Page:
Writer-Director Anvita Dutt had once told Homegrown, “It [rape] is an emotional act, a mental act. It’s like bullying. It’s not about the fact that I might be bigger than you, it’s about the fact that I feel bigger when I make you feel small.”
In a blood-curdling reminder of the 2012 Delhi gang-rape case, four upper-caste men in Hathras, Uttar Pradesh brutally gang-raped a 19-year-old Scheduled Caste woman. They tortured and left her for dead without her clothes in the field where she was cutting grass with her family. An NDTV report posits, “The woman had suffered multiple fractures, paralysis and a deep gash in her tongue in the savage assault compared by many to the 2012 Nirbhaya gang-rape.”
The 2012 Delhi rape case had apparently shaken the conscience of the nation. Books, papers, petition, newsletters, and speeches were written; the Nirbhaya fund which “provides for a non-lapsable corpus fund for safety and security of women” was launched; films and promises were made, and yet, as per a 2018 Wire report, India’s average rate of reported rape cases is about 6.3 per 100,000 of the population. According to a Livemint report, about 99% of cases of sexual violence go unreported. If true, The Wire says, “this would put India among the nations with the highest levels of crimes against women.”
After Nirbhaya, came Asifa. Then there was Unnao, Surat, and Nadia. There were girl children, disabled women, and 100-year-olds. These, however, are merely to name a few. National data shows that with 87 rape cases a day, crimes against women have gone up by 7.3 per cent last year. NDTV informs, “The crime rate registered per lakh women population is 62.4 per cent in 2019, up from the 58.8 per cent figure of 2018.”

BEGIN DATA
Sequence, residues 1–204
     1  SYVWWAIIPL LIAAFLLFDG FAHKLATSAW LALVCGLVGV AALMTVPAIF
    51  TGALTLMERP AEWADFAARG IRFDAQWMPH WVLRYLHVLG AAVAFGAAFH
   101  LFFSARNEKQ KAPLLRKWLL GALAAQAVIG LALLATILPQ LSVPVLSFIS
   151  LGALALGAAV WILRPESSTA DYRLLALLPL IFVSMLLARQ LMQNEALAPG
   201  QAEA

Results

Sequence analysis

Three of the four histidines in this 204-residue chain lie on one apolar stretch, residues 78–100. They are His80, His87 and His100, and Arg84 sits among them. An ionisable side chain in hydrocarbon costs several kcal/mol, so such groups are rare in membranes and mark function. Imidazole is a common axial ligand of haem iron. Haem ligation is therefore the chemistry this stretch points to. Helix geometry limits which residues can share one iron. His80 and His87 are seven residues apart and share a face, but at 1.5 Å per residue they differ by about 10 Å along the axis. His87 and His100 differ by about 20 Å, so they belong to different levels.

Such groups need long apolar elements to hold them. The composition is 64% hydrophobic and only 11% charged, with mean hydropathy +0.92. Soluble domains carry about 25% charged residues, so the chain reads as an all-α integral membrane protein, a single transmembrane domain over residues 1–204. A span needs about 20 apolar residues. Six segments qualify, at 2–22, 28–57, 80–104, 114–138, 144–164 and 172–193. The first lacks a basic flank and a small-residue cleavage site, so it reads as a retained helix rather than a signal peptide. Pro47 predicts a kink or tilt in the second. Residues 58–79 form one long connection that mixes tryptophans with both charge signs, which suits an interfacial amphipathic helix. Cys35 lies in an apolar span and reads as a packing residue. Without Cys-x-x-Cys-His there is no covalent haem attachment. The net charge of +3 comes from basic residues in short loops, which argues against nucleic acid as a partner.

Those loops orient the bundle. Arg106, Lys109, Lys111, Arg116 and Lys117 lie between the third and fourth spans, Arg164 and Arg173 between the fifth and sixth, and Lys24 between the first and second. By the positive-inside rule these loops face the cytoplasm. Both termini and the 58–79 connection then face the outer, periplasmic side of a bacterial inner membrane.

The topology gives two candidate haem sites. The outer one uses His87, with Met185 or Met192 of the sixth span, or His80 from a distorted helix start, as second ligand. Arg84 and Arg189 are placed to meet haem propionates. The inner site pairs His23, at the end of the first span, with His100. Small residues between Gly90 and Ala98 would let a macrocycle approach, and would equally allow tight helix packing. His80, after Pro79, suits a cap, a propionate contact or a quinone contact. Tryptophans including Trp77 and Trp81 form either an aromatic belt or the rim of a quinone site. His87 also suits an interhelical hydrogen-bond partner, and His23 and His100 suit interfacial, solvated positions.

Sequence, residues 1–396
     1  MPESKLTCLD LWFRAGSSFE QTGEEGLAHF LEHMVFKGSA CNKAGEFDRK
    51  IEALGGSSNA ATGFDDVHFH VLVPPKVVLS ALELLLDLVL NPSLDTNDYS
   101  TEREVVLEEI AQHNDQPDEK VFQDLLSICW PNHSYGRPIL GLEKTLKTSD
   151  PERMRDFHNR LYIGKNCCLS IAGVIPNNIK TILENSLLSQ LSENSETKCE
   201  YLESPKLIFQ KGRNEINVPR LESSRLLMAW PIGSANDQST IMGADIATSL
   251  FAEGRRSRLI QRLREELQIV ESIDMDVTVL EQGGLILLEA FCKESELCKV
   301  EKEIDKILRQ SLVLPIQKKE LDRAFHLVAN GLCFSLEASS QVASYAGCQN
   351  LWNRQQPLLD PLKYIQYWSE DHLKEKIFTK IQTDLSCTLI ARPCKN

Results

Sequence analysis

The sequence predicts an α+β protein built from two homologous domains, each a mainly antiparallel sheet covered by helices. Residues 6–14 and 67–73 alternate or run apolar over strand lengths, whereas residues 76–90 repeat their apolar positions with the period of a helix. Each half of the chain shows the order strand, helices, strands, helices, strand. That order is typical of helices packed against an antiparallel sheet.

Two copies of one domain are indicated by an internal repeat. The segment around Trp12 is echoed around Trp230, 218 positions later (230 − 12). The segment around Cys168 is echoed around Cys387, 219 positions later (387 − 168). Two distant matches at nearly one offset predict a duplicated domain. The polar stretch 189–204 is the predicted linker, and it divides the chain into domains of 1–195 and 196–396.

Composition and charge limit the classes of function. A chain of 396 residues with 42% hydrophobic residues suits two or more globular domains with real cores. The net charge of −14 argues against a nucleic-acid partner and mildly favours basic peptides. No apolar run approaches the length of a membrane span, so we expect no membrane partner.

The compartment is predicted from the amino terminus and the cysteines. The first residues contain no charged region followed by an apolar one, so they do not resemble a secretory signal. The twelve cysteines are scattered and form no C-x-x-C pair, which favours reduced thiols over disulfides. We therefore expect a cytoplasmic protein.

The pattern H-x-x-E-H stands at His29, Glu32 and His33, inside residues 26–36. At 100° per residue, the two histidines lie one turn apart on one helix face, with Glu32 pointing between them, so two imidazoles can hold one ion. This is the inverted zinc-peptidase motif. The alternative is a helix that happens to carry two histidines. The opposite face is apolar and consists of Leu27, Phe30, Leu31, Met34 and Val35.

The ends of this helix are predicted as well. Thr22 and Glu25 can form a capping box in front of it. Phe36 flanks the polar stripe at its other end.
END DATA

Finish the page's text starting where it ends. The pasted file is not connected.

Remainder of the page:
But beyond being an act of gender-based violence, this particular incident is also an instance of the widespread caste-based discrimination and violence in India. Citing National Crime Bureau Records data, The Print had revealed in 2018, “over the decade to 2016, the rate of crime against Dalits rose more than eight times (746%); there were 2.4 crimes per 100,000 Dalits in 2006, rising to 20.3 in 2016.”
The Indian Express explains, “In the village in Hathras district, where a 19-year-old Dalit woman was battered and allegedly gang-raped by four upper-caste men, leading to her death, Valmiki families number just about 15. Out of the 600-odd families, nearly half are Thakur, and Brahmins another 100-odd. The cremation grounds for them are separate, they are not allowed into the local temple, and the officials starting from the local school are upper castes, the Dalits say.”